United States v. Henderson, No. 17-10230 (9th Cir. 2018)

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Justia Opinion Summary

The Ninth Circuit affirmed the district court's denial of defendant's motion to suppress evidence. Defendant conditionally pleaded guilty to receipt of child pornography and moved to suppress evidence including evidence seized pursuant to a Network Investigative Technique (NIT) warrant issued by a magistrate judge.

The panel held that, although the NIT warrant violated Federal Rule of Criminal Procedure 41(b) because it authorized a search outside of the issuing magistrate judge's territorial authority, the good faith exception to the exclusionary rule applied to bar suppression of the evidence. The panel reasoned that there was no evidence that the officers executing the NIT warrant acted in bad faith. Furthermore, suppression of the evidence against defendant was unlikely to deter future violations of this specific kind because the conduct at issue was, after a December 2016 amendment, authorized by Rule 41(b)(6).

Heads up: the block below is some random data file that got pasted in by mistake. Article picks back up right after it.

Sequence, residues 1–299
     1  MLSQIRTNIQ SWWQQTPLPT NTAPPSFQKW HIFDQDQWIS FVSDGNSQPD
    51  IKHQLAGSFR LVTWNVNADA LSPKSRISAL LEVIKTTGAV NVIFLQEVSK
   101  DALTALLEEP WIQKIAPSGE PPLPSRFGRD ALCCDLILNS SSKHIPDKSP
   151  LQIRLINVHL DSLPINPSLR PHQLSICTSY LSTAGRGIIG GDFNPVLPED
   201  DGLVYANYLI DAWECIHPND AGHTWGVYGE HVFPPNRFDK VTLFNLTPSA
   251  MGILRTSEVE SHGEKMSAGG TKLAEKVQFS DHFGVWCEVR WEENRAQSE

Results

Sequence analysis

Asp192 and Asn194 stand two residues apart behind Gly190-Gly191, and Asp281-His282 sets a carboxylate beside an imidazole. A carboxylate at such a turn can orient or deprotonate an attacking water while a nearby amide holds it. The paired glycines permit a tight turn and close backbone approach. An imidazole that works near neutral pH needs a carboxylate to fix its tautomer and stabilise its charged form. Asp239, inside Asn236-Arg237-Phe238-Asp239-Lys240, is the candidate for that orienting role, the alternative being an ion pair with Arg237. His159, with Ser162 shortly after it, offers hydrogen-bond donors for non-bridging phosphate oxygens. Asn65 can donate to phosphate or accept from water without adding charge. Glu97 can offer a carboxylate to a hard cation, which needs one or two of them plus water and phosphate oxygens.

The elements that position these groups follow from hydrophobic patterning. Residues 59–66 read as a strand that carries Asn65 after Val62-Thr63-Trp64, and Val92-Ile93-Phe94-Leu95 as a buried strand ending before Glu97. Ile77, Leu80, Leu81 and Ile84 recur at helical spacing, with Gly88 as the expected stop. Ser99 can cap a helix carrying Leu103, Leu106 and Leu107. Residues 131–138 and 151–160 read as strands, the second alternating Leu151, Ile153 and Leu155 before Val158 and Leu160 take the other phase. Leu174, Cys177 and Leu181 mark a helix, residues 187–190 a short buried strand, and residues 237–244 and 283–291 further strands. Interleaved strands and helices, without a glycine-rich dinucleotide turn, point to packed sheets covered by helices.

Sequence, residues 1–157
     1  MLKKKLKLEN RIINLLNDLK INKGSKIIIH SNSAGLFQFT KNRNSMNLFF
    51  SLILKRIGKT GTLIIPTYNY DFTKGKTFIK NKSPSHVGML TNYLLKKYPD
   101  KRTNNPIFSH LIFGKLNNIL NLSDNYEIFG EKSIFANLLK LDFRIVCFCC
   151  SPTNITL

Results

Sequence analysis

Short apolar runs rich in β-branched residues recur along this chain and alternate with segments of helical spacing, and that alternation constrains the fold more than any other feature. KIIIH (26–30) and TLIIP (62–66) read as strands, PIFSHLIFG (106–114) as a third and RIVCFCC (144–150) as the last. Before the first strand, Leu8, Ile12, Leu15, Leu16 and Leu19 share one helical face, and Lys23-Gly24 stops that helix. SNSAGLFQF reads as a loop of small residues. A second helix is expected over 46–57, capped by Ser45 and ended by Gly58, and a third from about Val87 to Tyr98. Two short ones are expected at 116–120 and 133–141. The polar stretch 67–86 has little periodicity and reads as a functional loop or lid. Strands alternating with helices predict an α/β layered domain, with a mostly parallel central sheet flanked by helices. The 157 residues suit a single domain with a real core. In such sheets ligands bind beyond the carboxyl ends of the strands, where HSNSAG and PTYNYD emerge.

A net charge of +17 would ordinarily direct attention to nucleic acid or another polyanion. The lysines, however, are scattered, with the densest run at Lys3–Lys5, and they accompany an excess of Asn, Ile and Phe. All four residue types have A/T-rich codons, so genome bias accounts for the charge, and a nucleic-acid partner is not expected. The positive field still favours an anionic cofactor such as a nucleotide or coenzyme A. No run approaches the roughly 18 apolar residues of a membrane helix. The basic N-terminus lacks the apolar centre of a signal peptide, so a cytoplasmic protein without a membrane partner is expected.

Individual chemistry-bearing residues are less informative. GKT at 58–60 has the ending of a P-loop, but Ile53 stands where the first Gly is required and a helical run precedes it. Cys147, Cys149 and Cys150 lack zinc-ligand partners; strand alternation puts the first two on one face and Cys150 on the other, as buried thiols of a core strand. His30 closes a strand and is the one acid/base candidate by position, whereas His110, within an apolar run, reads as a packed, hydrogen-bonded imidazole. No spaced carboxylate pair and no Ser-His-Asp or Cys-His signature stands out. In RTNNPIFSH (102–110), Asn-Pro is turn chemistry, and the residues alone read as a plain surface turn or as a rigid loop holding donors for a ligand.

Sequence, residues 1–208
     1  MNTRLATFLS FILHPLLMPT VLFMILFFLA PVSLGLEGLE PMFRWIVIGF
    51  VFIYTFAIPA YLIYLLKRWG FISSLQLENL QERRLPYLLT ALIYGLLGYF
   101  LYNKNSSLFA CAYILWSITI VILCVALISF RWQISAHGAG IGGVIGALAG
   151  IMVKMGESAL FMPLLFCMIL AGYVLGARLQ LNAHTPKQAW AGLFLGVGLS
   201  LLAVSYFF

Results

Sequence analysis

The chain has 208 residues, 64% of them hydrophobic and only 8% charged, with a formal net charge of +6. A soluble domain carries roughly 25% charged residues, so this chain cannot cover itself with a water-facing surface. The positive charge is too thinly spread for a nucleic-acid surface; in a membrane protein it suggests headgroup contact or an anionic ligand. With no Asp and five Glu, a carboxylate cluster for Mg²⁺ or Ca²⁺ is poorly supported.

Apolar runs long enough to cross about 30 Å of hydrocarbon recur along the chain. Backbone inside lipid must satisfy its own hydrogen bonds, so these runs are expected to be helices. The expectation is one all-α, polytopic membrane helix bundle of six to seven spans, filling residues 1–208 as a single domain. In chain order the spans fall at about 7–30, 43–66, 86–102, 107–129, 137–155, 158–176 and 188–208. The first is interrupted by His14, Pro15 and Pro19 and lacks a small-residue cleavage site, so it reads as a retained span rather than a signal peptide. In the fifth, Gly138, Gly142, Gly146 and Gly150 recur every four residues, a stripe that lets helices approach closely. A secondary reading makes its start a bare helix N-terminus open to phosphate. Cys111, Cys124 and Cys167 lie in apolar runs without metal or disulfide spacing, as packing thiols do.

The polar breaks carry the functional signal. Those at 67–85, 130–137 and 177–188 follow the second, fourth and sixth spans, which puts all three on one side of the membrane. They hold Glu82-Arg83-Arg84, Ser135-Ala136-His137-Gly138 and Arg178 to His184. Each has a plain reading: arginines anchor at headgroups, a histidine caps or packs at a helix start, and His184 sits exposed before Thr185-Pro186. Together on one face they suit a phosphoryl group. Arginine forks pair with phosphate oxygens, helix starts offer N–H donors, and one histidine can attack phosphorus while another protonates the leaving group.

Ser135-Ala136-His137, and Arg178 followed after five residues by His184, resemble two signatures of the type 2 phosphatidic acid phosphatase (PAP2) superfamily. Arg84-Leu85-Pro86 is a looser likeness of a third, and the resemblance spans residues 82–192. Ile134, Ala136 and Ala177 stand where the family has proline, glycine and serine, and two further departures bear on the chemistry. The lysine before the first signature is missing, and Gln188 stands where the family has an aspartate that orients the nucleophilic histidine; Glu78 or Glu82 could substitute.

Court Description: Criminal Law The panel affirmed the district court’s denial of a motion to suppress evidence, including evidence seized in California, pursuant to a Network Investigative Technique (“NIT”) warrant issued by a magistrate judge in the Eastern District of Virginia, in a case in which the defendant entered a conditional guilty plea to receipt of child pornography. The panel held that the NIT warrant violated Fed. R. Crim. P. 41(b) by authorizing a search outside of the issuing magistrate judge’s territorial authority. The government did not dispute that the NIT warrant exceeded the general territorial scope identified in Fed. R. Crim. P. 41(b)(1) by authorizing a search of an “activating computer” in California, and the panel rejected the government’s contention that the NIT mechanism is a “tracking device” for which out-of-district warrants are authorized by Fed. R. Crim. P. 41(b)(4). Considering whether the violation of Rule 41(b) compels suppression, the panel agreed with the defendant that Rule 41(b) is not merely a technical venue rule, but rather is essential to the magistrate judge’s jurisdiction to act in this case. The panel held that a warrant purportedly authorizing a search beyond the jurisdiction of the issuing magistrate judge is void under the Fourth Amendment, and that the Rule 41 violation was a fundamental, constitutional error.